Governors will come and go in four years, but constitutional amendments can last generations. In this election then, perhaps despite all the energy on candidates, we need to review the lasting effects of the state questions before us on November 6th. The lasting effects of State Question 801 could negatively impact Oklahoma children for decades.
The voices of warning were not loud enough when we passed a constitutional change that made new revenue last spring nearly impossible. Grave consequences were not spelled out that a simple majority could cut us to the bone, but getting a supermajority to increase funding when we were faltering would be questionable.
SQ801 that Oklahomans will vote on November 6 is well-intentioned but not well thought-out in relation to the consequences on our public schools for three primary reasons.
One, we are either for all Oklahoma children, or we’re not. There is no middle ground here. If we believe the framers of our state constitution, we should provide for all the children of the state of Oklahoma.
The rise of inequity from haves to have-nots is something our equalization formula has sought to fix across our state due to the deeply rooted faith and beliefs of Oklahomans that we value all children.
However, SQ801 will lead us away from God’s common good for all children. Children that live in wealthy districts will begin to see more and more advantages and children in poor districts will see less advantages.
Currently there are only a handful of districts in our state that do not already use their building fund to the maximum, and there are many ways to use it for building-related expenses like insurance, maintenance staff on the facilities, and repairs that happen regularly.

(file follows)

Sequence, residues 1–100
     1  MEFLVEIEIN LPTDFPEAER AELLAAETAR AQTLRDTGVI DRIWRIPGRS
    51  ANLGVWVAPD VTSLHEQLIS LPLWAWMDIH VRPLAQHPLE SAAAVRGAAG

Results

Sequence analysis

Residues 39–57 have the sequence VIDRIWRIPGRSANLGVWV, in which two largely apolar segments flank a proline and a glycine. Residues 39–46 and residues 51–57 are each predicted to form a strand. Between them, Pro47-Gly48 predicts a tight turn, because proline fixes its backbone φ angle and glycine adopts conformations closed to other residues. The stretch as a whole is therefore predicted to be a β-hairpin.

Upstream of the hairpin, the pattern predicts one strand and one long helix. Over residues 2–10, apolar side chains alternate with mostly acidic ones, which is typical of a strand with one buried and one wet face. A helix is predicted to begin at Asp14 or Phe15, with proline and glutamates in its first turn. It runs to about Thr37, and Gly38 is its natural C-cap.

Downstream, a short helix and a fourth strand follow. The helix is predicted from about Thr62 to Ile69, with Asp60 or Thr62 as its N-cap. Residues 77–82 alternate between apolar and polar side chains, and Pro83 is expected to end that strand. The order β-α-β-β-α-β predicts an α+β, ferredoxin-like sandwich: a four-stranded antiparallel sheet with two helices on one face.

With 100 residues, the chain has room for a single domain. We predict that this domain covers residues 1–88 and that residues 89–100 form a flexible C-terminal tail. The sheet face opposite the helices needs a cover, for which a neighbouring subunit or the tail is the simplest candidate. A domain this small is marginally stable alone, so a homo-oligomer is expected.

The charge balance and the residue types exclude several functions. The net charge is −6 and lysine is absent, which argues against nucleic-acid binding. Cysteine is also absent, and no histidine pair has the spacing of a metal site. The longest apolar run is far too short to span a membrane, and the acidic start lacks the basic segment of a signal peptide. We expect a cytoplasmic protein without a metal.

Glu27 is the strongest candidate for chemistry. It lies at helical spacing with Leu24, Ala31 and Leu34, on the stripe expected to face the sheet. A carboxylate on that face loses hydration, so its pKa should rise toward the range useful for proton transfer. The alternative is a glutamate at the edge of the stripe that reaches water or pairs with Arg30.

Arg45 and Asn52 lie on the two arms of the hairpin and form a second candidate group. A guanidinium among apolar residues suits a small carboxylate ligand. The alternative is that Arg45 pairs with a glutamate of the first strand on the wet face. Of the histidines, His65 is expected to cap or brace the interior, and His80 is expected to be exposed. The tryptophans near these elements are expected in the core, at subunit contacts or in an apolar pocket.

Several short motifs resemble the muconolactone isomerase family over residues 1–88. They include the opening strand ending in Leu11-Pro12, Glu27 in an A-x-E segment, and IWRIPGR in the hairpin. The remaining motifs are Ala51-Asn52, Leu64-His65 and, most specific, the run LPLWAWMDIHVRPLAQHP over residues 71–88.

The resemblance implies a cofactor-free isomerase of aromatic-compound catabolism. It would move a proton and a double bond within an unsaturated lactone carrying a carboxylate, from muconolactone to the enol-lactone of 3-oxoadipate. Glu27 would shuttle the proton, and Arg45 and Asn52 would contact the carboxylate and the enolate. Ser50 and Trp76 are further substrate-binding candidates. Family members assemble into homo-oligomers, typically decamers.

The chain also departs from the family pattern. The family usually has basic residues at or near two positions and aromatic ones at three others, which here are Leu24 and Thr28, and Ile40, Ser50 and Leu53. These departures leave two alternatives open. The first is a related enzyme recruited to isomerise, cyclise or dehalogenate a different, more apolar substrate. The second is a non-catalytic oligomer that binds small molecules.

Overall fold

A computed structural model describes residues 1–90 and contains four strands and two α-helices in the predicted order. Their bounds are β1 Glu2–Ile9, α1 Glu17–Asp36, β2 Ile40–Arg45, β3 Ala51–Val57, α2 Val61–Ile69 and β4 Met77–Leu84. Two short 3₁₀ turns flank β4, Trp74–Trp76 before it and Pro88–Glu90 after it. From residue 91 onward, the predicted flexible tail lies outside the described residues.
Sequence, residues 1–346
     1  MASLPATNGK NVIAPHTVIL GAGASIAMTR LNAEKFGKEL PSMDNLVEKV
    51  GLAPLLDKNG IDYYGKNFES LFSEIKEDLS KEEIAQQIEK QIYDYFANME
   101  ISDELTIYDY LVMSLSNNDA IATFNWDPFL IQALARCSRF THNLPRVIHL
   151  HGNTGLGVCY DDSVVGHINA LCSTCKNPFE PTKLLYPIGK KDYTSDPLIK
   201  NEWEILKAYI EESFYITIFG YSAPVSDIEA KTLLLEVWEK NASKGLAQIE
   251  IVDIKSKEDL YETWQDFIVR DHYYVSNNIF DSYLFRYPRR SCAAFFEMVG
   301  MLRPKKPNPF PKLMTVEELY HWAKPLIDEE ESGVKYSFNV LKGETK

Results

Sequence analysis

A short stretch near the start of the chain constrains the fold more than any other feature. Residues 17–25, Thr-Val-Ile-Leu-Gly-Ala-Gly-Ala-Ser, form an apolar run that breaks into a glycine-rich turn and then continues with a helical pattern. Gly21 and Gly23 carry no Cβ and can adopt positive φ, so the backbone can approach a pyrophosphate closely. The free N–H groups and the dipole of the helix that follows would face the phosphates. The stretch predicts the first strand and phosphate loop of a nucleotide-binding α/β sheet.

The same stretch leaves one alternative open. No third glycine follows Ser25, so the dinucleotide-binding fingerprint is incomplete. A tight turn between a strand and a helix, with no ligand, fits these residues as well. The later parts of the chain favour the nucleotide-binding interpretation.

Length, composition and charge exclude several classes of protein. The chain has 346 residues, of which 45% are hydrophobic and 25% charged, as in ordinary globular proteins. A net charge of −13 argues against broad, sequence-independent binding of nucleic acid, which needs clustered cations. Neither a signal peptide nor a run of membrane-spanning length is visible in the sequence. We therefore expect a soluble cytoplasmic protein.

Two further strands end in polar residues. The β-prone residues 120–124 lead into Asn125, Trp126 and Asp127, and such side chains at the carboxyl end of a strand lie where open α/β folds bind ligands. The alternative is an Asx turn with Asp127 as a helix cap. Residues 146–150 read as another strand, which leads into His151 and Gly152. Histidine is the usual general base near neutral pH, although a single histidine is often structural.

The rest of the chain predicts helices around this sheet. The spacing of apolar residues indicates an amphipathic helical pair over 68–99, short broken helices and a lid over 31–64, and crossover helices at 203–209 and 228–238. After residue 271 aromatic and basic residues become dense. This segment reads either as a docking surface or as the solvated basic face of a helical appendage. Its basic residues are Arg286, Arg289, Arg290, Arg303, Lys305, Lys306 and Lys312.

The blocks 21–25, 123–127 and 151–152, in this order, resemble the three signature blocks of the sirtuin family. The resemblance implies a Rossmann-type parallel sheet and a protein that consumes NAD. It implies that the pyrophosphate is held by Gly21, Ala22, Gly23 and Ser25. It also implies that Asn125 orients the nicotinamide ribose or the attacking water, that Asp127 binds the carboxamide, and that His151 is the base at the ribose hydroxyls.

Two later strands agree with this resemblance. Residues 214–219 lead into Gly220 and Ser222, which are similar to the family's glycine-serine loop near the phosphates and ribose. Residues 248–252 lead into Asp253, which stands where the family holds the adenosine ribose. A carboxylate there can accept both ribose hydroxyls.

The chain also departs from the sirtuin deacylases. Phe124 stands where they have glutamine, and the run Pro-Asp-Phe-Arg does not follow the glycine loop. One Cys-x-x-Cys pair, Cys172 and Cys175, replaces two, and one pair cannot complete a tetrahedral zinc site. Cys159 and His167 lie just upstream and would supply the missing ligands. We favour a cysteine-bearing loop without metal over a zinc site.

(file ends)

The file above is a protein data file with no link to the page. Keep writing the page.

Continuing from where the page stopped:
Secondly, by combining it with general operating funds, those schools who have the ability to do so will indeed be able to pay teachers more from those funds. The majority of school boards will now be placed in a tough spot: Give raises like the legislature suggests should be possible or pay to fix the leaking roof and black mold?
The legislature will be able to wash their hands and point back to our local school boards – as if the locally elected school board is at fault.
Finally, this adds no new funding to our schools. We will still be incredibly low and under the regional average in per pupil funding. And that’s in one of the lower regions across the United States. SQ801 would not change this in any way, but it does give our legislators the ability to point to something they’ve done to “help” public schools. SQ801 is no solution at all.
Oklahomans don’t believe only children in rich districts should be afforded resources and teachers. And so we send state aid to those who need it most, many times in rural areas, so that every child in our state is afforded a chance at a good quality education.
We are in this together. That’s why cooperation, rather than competition, speaks to our shared duty to educate our state’s children. If we truly believe God’s common good is for all people, then we cannot support a measure that forever alters our state constitution and promotes inequity for Oklahoma kids.